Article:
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1685 Hits

Learning How To Move Again

lift heavyI was watching Toby, our 5 year old, bending down to pick up his box of wooden blocks a few days ago. The box was reasonably heavy and a little awkward but this did not seem to deter him. He bent his hips and knees, also allowing his back to flex, then took hold of the box and while holding it close straightened up. He tottered with the box into the living room then reversed the process to put the box down onto the floor.

Why did this simple functional task get me thinking?

In recent years there has been a strong move away from this idea that we should be ‘bracing’ our backs before we bend and lift everyday objects. The notion of contracting your ‘core’ muscles, becoming rigid, not allowing your back to move before doing anything of a physical nature has been strongly challenged and is now considered by low back pain researchers to be very unhelpful. This way of moving, once considered the ideal, is now understood to promote pain, limit function and encourage people not to trust their backs.

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1725 Hits

CrossFit Session 1

crossfit greenExercise is crucial to good mental and physical health, variety is also important, the body thrives on variety. My body was getting too used to going through the weekly motions. I am familiar with the CrossFit concept and was keen to shake up my exercise routine. So I decided to give it a go.

As a chartered physiotherapist I have treated many injured CrossFitters, I knew the potential risks. I was therefore keen to take it easy and hopefully not pick up an injury myself. Form and technique first, increase load later. When I turned 40, I asked for life advice, a sports doctor friend of mine simply said ‘look after your joints’.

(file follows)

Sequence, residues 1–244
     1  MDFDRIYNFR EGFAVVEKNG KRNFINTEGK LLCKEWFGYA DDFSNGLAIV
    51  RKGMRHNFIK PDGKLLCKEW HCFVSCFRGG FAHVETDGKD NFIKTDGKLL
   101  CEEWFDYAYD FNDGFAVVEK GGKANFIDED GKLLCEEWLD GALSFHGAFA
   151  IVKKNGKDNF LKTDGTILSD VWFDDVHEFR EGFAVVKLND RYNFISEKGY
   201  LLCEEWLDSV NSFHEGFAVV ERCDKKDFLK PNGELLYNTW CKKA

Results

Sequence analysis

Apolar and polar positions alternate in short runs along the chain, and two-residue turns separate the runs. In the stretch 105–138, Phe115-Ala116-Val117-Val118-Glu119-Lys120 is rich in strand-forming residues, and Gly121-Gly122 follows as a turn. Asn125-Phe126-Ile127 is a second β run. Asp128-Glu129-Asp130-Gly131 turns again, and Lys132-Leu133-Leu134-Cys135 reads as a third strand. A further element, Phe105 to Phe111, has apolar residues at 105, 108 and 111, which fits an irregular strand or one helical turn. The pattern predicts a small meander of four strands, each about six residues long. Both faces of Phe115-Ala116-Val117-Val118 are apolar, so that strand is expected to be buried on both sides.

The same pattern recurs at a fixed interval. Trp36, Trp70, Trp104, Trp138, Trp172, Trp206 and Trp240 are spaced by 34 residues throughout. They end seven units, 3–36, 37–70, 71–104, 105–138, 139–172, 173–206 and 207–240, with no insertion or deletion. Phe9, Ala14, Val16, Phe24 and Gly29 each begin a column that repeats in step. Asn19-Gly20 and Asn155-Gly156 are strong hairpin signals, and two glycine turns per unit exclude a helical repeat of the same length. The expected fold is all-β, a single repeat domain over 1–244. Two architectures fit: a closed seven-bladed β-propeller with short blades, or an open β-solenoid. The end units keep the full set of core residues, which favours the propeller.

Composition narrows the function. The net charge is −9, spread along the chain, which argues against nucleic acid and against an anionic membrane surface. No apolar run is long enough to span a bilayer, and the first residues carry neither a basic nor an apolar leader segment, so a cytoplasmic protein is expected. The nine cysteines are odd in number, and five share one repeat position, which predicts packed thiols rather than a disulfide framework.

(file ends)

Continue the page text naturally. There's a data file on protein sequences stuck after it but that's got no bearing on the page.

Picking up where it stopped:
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2064 Hits

Running To Your Goals

run winterRunning is an excellent form of aerobic activity to improve your health status, reduce disease risk, modify body composition(best when combined with a good diet) and improve all around physical fitness. It is also a weight-bearing activity that helps in maintaining bone mass and preventing osteoporosis.

Current guidelines by the American College of Sports Medicine recommend 30 minutes of moderate intensity aerobic activity at least 5 days a week for adults. Brisk walking is an excellent activity to reach this desired level of activity as it is easy to perform, uses the large muscles of the body, both upper and lower, and it does not require any expensive equipment. Running will burn more calories than brisk walking due to the increased intensity of the activity. This is great for energy expenditure but does bring with it an increased risk of injury.

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1821 Hits

Physiotherapy and CrossFit Injuries

crossfitCrossFit has become hugely popular in Ireland over the last number of years. It is a form of training that incorporates resistance training and cardiovascular training and uses compound exercises (exercises that involve more than one joint) to develop greater functional movement.

CrossFit is not just for advanced clients. Participants range from high level athletes to absolute beginners and each workout can be customised to each individual. While high level athletes tend to suffer more overuse injuries, beginners commonly injure their shoulders, back, knees and ankles.

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2377 Hits

Commute By Bicycle Safer Than Walking Or Driving In Ireland

bike-commute-dublinApparently it is safer to ride to work on your bike, contrary to the beliefs of the Dublin public who feel commuting by bike is inconvenient, not enjoyable due to the wet climate, and is dangerous.

Public initiatives in cities around the world are trying to convince more people to drive less and bike more. This is not an easy task according to a new study in the Journal of Public Policy & Marketing, co-authored by a Marius C. Claudy from UCD. The authors point out that despite the public view about the weather, Dublin actually has a drier climate than many cities in the Netherlands, a country having a strong bicycle-commuter community.

The positive reasons in favour of converting from 4 to 2 wheels include cost-saving, improved physical fitness and health as a result of being more active as well as reducing C02 emissions.